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Apple iPhone X creates and shares biometric scans of users' faces; privacy advocates are worried

Apple's new iPhone X comes with facial recognition software that has privacy experts concerned. The ACLU says biometric facial scans could tie into a larger surveillance grid to monitor the public. (Spencer Whalen/Getty Images)

Apple's new iPhone X creates detailed 3D models of users' faces to unlock the phone. But that's not the only way the images are used. Apple can share the images with app developers, and privacy advocates are worried.

The 3D facial model is also called a biometric scan. Computer software creates the scans for the purpose of positively identifying human faces.

How does it work?

Apple's front sensors use 30,000 points to create a 3D model of a user's face. The technology is so advanced it is compared to animation software used for Hollywood films.

Phone application developers who have permission to tap into the phone's camera can retrieve the images.

The Washington Post explained that "the iPhone lets other apps now tap into two eerie views from the so-called TrueDepth camera. There’s a wireframe representation of your face and a live read-out of 52 unique micro-movements in your eyelids, mouth and other features. Apps can store that data on their own computers."

Although app developers must explain how they plan to use the images, the problem comes with enforcing it, privacy advocates say.

Why would anyone want pictures of our faces?

Advertisers and data brokers use our personal information to build profiles on us. In turn, the information is sold or traded to businesses or government agencies.

Apps that collect images of your face can gather a wealth of information about you. For example, when you unlock the phone, your facial expression can give away your mood. An app could also potentially detect your gender, race, and sexual orientation.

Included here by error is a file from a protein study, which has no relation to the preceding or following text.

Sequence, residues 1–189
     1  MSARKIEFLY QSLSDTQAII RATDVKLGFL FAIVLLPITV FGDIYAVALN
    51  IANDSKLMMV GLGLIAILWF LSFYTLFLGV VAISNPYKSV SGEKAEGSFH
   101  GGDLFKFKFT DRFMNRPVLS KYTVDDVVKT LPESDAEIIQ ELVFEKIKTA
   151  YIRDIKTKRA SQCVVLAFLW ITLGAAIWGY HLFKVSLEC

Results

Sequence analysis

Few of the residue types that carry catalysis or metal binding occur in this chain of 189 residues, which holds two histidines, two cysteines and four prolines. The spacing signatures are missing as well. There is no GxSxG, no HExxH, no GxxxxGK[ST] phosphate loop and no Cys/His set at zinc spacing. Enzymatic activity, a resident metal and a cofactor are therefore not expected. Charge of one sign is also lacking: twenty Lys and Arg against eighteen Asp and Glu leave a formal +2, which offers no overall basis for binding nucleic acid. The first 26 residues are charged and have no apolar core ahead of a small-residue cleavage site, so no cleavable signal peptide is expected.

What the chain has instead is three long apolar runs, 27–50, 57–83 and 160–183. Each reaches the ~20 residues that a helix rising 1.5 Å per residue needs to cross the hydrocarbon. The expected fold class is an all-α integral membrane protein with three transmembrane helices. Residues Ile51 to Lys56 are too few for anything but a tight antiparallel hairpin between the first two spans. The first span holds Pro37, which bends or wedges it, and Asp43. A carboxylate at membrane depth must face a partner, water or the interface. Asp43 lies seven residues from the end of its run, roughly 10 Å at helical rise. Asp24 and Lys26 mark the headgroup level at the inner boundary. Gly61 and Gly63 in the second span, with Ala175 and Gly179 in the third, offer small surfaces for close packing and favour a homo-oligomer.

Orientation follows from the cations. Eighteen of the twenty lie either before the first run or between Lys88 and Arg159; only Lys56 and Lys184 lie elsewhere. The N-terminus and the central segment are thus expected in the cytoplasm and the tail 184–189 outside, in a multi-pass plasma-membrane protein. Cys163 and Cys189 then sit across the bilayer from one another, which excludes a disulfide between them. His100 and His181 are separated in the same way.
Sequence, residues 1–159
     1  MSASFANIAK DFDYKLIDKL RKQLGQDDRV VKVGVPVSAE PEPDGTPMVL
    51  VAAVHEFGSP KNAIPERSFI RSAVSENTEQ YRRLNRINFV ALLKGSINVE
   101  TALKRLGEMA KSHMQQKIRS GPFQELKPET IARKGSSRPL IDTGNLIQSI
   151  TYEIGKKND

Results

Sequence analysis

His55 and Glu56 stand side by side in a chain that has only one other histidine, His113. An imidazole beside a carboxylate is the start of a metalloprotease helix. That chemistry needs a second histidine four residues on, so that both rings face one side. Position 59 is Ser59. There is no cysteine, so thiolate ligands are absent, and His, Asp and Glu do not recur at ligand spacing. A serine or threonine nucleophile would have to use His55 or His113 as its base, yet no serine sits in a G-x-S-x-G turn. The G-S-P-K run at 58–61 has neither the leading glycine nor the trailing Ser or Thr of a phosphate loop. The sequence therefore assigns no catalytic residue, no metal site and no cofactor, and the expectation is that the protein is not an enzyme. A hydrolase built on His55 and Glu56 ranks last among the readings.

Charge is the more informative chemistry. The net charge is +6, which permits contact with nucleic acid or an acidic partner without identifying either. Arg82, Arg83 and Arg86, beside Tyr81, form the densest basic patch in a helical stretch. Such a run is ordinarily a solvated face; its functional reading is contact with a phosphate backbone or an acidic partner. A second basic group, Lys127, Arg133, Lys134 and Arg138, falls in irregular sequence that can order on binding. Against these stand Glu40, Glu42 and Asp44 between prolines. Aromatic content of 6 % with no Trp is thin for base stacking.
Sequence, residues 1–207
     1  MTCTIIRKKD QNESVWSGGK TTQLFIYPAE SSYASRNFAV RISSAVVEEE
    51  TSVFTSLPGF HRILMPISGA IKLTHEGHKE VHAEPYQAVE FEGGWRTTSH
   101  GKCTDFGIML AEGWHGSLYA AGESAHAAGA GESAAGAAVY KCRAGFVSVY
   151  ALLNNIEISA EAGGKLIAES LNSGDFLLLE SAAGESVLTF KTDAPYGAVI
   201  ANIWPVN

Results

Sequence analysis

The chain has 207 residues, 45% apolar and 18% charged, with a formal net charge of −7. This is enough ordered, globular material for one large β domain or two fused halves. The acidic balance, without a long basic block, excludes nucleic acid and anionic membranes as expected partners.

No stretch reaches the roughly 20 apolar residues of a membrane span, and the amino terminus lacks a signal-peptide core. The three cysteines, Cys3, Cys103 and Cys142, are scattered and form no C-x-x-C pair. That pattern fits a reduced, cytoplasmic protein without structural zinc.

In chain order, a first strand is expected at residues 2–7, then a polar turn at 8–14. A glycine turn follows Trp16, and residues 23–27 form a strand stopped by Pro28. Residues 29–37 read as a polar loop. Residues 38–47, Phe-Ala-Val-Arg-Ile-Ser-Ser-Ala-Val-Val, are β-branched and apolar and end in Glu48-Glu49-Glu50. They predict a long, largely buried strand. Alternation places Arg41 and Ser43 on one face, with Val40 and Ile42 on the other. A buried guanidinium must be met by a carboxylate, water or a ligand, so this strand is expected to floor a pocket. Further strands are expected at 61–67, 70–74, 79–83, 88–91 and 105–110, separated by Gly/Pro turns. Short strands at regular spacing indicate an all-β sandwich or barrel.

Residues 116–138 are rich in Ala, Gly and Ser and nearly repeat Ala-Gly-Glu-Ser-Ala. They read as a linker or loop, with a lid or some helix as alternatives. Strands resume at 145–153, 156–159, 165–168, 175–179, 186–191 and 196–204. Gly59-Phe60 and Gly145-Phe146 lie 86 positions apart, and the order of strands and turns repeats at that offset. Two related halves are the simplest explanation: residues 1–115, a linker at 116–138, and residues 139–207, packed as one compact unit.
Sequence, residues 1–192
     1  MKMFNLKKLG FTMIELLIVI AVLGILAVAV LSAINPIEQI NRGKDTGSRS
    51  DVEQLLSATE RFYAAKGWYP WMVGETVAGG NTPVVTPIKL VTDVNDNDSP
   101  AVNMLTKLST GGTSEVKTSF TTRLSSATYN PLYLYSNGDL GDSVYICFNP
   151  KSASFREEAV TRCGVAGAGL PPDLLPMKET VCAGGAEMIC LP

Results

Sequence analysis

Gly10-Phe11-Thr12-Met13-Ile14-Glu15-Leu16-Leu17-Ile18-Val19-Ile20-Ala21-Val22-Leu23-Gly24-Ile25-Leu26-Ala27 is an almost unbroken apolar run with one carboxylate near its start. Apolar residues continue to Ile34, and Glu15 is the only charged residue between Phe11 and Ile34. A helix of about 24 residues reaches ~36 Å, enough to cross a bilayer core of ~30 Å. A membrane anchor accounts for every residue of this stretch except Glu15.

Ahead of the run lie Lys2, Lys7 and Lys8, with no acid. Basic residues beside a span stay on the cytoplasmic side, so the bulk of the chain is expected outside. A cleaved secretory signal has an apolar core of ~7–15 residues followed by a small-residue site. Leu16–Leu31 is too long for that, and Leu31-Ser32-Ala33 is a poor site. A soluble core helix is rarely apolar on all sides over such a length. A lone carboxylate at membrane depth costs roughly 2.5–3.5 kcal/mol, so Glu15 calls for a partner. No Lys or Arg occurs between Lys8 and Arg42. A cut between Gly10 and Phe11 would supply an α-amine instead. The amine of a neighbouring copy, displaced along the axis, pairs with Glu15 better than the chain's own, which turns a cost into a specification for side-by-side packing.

Stanford University created software that can guess someone's sexual orientation by studying facial features.

Is it secure?

An analysis by the Post pointed out that Apple makes its money by selling products, not by distributing pictures of our faces.

“We take privacy and security very seriously,” Apple spokesman Tom Neumayr said. “This commitment is reflected in the strong protections we have built around Face ID data — protecting it with the Secure Enclave in iPhone X — as well as many other technical safeguards we have built into iOS.”

What does the ACLU say?

The American Civil Liberties Union has repeatedly warned about privacy issues  concerning facial recognition software. According to the ACLU, biometric facial scans could tie into a larger surveillance grid to monitor the public.

"The biggest danger is that this technology will be used for general, suspicion-less surveillance systems," the ACLU website states. A "comprehensive system of identification and tracking" could be created by tying into other systems such as public cameras in stores.

Matching your face to a store camera would allow app developers to observe and track you. Public cameras require no consent from the people being watched. Many stores have signs, however, stating video recording is in progress.

“I think we should be quite worried,” Jay Stanley, a senior policy analyst at the ACLU, said. “The chances we are going to see mischief around facial data is pretty high — if not today, then soon — if not on Apple then on Android.”

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